New look for National Statistics website
Are you a ‘frequent flyer’, an occasional
dipper or a first time caller at
www.statistics.gov.uk ? Whatever. You should
be aware that in September, the appearance
and structure of this gateway to a wide
range of official statistics changed in
response to user-based views of what would
be desirable improvements. The new
website has a new look and offers new ways
of navigating through its content. The
culmination of over six months planning,
research and work, it is only the first stage of
web development plans: the long-term
objective is to present a picture of ‘the state
of the nation at the click of a button’.
Hitherto, finding information on the website
has been a problem for many users.
Extensive customer research has shown
consistently that what users want is a clear
and uncluttered website, with logical links,
and a focus on topical information and new
releases. In March 2002 IBM was
commissioned to look at the website and the
user research, and create a new navigational model for the site so users could easily get to
the information they were looking for.
Following a review, it was concluded that
the amount of information online was so
comprehensive, and that users were so
diverse, that a single ‘one size fits all’
structure for the website could not be built.
A better solution would be to create multiple
navigational routes through the available
information. The solution was to offer three
different navigation routes.
- Navigation by text search. Likely to be the
favourite route of those who know exactly
what they are looking for. A single search
box will query all the databases which
support the website; presently, different
search boxes in different areas query
different permutations of the databases.
The search results are categorised, with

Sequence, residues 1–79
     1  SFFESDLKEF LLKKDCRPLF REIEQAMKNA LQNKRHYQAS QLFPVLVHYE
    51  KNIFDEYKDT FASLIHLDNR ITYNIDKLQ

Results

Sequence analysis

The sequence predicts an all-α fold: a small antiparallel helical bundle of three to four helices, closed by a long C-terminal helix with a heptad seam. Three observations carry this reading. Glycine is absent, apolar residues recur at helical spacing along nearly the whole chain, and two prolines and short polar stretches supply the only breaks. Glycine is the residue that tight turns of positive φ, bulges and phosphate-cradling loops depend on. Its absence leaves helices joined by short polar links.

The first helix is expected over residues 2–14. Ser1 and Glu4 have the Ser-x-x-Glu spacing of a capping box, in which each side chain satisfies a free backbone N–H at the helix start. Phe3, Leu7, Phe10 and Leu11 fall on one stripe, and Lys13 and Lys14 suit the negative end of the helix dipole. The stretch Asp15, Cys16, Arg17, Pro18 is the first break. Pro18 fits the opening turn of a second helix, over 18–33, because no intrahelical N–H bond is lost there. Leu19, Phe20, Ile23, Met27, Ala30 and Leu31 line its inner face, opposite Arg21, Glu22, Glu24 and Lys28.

separate listings for datasets, articles,
products, and so on. Brief summaries of
each result are also shown, guiding users
towards the material they really want. It is
planned to extend this search facility to
also cover Neighbourhood Statistics (NeSS).
- Navigation by directory. Aimed at those
who know the kind of information they
want, but not perhaps the name of a
particular product or release. The National
Statistics Category List (NSCL) works as a
‘site map’, allowing users to drill down
from general themes to very detailed
topics, until they find the particular
information they require. This type of
hierarchical navigation will be familiar to
anyone who has used portal websites
such as Yahoo.
The NSCL is a major improvement on the
current StatBase directory. At the moment, a
specific topic can only live beneath a single
top-level heading. In the NSCL, topics can sit
under many different headings
simultaneously. For example: if one wanted
information on recruits to teacher training,
would one look under Labour Market or
Education & Training? If StatBase users
guessed wrong, they would soon be lost. In
the NSCL, the same topic lives under both
- Navigation by topic-based summary. One
feature of the new website is the wider
use of short articles written for the nonexpert,
often based around the latest
releases. Obviously these topic-based
summaries only give access to a limited
amount of information. However, they
can give an overview of the most popular
and relevant outputs of the Government
Statistical Service, and provide for nonexpert
users an idea of the state of Britain.
Links are to be provided to any relevant
data or metadata, allowing the interested
reader to dig deeper.
The new look website supports the new
ways of navigating through the online
information. Following consultation, a
design was created that was simple to use,
reflected user research, and made the best
use of the new navigational models.
Screenshots from the new site are illustrated
The collection of topic-based summaries will
double in size in the coming months, from
around 50 to a notional target figure of 150.
It is also planned to extend the reach of the
search engine, to cover other organisations’
statistical web pages, and to extend the use
of the National Statistics Category List.
Work will also begin on a network of ‘sibling
sites’, spun off from the current National
Statistics website. These will have a slightly
different visual appearance, but will use the
same navigational concepts and the
same infrastructure behind the scenes.
First to appear will be a site for civil